Sunday, May 8, 2011

Television ownership declines, especially amongst rural Americans.

The New York Times reports that The Nielsen Company, the organization responsible for issuing weekly television viewership ratings and other related data, revealed that television ownership amongst Americans has dropped for the first time in 20 years. Now 96.7 percent of American households own sets, down from 98.9 percent previously. Nielsen postulates that there are two main reasons for the decline, including recession-based poverty and web-based television replacements. Many of those reporting that they do not own a TV live in rural areas. After a semester of Law and Rural Livelihoods, this is not surprising to me. As the article points out, the reason why TV sets are declining in rural areas is because of the double-whammy of resource and access deficiency.

As Nielsen's research indicates, many TV-less households generally have incomes under $20,000. Because a TV is not an essential commodity like food or gas to commute, if the TV is broken or its technology is outdated, it likely won't be replaced in a low-income household. And as we know, rural places tend to have higher concentrations of low-income people, especially poverty-persistent counties.

Furthermore, access to digital broadcasting is less reliable in rural areas. In 2009, the federal government switched from analog broadcasting, making many TV sets technologically-obsolete. Moreover, some rural areas don't even receive digital signals that are strong enough for broadcasting. Unless you can afford a satellite dish, watching TV is not an option even if you have a working TV set.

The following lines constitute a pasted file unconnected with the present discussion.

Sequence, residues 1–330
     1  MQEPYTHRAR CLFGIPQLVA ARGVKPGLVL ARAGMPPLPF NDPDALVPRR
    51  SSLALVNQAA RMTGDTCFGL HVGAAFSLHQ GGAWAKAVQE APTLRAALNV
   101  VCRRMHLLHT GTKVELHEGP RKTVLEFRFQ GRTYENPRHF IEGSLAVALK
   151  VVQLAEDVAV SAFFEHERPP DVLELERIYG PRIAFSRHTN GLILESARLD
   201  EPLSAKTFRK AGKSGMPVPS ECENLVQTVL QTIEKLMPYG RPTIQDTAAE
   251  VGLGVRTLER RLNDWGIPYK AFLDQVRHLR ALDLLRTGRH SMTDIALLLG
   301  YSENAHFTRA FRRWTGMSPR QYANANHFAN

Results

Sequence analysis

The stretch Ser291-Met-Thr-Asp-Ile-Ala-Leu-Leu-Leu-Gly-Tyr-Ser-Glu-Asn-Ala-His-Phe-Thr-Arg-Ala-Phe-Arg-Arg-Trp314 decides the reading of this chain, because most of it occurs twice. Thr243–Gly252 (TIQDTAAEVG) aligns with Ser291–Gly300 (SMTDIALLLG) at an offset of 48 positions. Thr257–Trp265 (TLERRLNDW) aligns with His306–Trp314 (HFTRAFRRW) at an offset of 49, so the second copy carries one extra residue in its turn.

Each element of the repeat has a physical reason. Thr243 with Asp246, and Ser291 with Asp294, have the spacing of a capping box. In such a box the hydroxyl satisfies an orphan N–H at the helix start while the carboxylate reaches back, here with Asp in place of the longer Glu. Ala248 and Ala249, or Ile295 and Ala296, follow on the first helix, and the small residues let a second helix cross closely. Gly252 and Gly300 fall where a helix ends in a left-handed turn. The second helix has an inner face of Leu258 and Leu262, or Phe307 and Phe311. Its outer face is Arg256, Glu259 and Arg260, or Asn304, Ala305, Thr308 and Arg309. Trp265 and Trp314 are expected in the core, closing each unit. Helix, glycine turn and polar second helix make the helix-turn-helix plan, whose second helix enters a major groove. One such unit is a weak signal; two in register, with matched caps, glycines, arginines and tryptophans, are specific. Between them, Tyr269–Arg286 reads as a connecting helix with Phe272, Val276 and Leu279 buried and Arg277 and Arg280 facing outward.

The digital divide is encroaching on more than just web-browsing now that TVs are more and more often replaced by computers. Nielsen in part attributes the drop in TV ownership to people who are watching TV on their computers, but from other blog posts, we know that those people probably aren't rural TV viewers because internet access is too slow to make watching TV online feasible.

Those who choose to live without TV may wonder why this matters. I would argue that no matter what you think about the quality of American television, it is a lens through which to experience parts of our culture, obtain news, or seek respite from a stressful day. I don't have a TV, but I certainly watch a TV show every now and then on my computer. Also, I'm so glad I could watch the President's address about the growing deficit and later, his speech about Bin Laden's death, in real time and without the filter of a newspaper. It seems unfair that rural Americans are unable to do the same just because they live in remote areas and may not have the economic resources necessary to keep up with changing technology. It is just another example of how rural America gets left behind.

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